There's a lot of ceramic blades and obviously steel, but in the week or so that I've been browsing, I've only seen one full titanium knife.
Isn't titanium better than steel for everything?
There's a lot of myths surrounding titanium. Firstly, as we're discussing, it makes for a very poor blade material. The most common alloy is 6Al4V (6% aluminum, 4% vanadium), and while it's very strong and light, it sucks for knife blades. It really can't be heat treated, it's soft and when you get down to the edge, it's weak and brittle for cutting applications. The advantages are that it's light, non-magnetic, and won't rust (there's no iron) or otherwise destructively oxidize (all titanium in fact instantly oxidizes, just like aluminum, but the layer of oxidization doesn't corrode or discolor). This makes it a good choice for hold-out, last ditch self defense knives (where you only need to make a cut/stab or two), diving knives, and Navy divers who need to disarm magnetically activated mines. But for a tool that gets used daily, it's a bad choice.
Mission's Beta Ti is a slightly different beast; it can be heat hardened and is more suitable as a blade material, but at its best, it's comparable to the lowest quality flea market crap knife steels (and even then, the crap steel might outperform Beta Ti, and it's certainly easier to sharpen). If you absolutely MUST have a working knife made from Ti, Mission is the way to go.
If you simply want a blade that won't ever rust (magnetism and weight be damned), there's better options than titanium. One is Stellite 6k or Talonite, which are cobalt alloys. They're harder than titanium, softer than all but the softest knife steels, but it's greatest property (other than being rust-proof) is it's slickness. Because it's so slick, it doesn't dull as quickly because there's less friction. So even though it's softer, its edge retention is as good as most any mid level blade steel. They use these cobalt alloys in the blade fans of jet engines because they wear down less than aluminum, steel, or titanium (air friction can actually grind away at the blades in jet engines). If Stellite 6K or Talonite is just too expensive (it is expensive, and quite difficult to work with), there's the very economical option of H1 or X1.5 steels (which use nitrogen instead of carbon) used by Spyderco and Benchmade. Despite being mostly iron, these "steels" simply will not ever, ever rust.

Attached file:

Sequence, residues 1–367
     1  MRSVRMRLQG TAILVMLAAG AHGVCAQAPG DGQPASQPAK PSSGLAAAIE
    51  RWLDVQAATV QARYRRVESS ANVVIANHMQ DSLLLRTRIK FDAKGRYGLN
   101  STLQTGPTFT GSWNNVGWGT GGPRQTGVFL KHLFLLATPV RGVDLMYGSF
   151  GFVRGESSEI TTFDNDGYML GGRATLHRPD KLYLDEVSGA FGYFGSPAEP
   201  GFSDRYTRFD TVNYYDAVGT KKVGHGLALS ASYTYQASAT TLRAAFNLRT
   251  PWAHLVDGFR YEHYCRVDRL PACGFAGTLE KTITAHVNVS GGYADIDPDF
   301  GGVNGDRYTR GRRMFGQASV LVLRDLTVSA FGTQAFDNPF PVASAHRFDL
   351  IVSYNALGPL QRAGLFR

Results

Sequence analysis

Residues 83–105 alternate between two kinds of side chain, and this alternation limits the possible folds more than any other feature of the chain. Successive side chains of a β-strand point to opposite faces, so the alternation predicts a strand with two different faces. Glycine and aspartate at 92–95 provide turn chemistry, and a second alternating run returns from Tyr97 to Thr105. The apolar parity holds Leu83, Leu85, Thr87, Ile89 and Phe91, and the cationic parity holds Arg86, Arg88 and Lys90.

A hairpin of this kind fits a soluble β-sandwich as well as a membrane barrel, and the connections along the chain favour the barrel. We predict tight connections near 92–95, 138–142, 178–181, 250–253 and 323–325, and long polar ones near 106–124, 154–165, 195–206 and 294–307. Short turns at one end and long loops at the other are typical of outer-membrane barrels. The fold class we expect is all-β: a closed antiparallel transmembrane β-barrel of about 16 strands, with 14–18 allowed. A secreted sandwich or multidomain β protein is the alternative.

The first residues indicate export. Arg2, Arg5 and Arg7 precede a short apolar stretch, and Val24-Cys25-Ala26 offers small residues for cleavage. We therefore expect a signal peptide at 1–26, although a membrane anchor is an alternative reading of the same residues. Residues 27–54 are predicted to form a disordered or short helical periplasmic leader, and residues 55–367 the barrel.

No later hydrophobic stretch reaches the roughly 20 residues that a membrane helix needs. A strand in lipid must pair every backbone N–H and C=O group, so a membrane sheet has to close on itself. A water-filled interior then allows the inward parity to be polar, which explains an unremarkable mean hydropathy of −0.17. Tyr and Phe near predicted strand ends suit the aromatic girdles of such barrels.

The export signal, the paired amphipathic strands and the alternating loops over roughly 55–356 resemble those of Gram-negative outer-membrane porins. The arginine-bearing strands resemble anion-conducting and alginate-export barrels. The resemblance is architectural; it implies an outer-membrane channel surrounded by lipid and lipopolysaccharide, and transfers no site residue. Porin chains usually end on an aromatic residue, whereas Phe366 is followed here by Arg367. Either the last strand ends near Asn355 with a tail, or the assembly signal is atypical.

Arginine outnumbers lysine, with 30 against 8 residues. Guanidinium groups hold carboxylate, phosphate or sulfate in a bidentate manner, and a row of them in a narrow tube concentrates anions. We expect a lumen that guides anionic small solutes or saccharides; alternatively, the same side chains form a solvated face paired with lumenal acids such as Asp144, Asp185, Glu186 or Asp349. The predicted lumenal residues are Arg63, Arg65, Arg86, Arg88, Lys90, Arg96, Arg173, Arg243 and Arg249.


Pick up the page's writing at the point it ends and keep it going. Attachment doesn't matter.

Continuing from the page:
The other myth regarding titanium is in how strong it is. Titanium is not necessarily stronger than steel. Steel of the right alloy, with the right heat treatment will always be stronger than titanium. So if strength is what you want (weight be damned), steel will be the way to go. Where titanium has the advantage is in the strength-to-weight ratio. The easiest example to look at (for me, anyway) is in bicycle frames. The 3 most common metals used are aluminum, steel, and titanium (there's also scandium, and of course carbon fiber, but that's not what we're talking about here). A steel frame will always be stronger. Theoretically, you could make a titanium frame stronger than a steel frame by using more titanium, but that defeats the point in having a titanium frame in the first place. Titanium is used in some bikes because you can make a very strong frame (and other components)--stronger than aluminum--lighter than a steel one. Aluminum is commonly used (extremely common) because it's much lighter than steel, and sufficiently strong. The advantage of using titanium over aluminum is weight and strength, but it's far, far more expensive. Titanium also has different properties that make for a different ride (titanium is a lot springier than Al, steel, or CF). For example, on a rigid frame (no suspension) single speed, a Ti fork will absorb more shock than a steel fork, but it'll be bouncier. This comes down to personal preference. Anyway...
The myth of superior titanium blades will continue because the myth perpetuates itself. People who make movies don't know better, or if they do, they assume the audience won't. For example, Wesley Snipe's silver-etched titanium sword in the "Blade" movies. Also, there's the Shick Quattro Titanium razor blades. Pay attention to the commercial. They say the blades are titanium. They're not. They're steel, like any other razor blade, but coated with titanium nitride (TiN), which is a common knife blade coating, and also used on high-speed tools for machining. But the public doesn't know WTF titanium nitride is, and titanium sounds "cool" (because of people who believe the myth), so that's what they say in the commercial.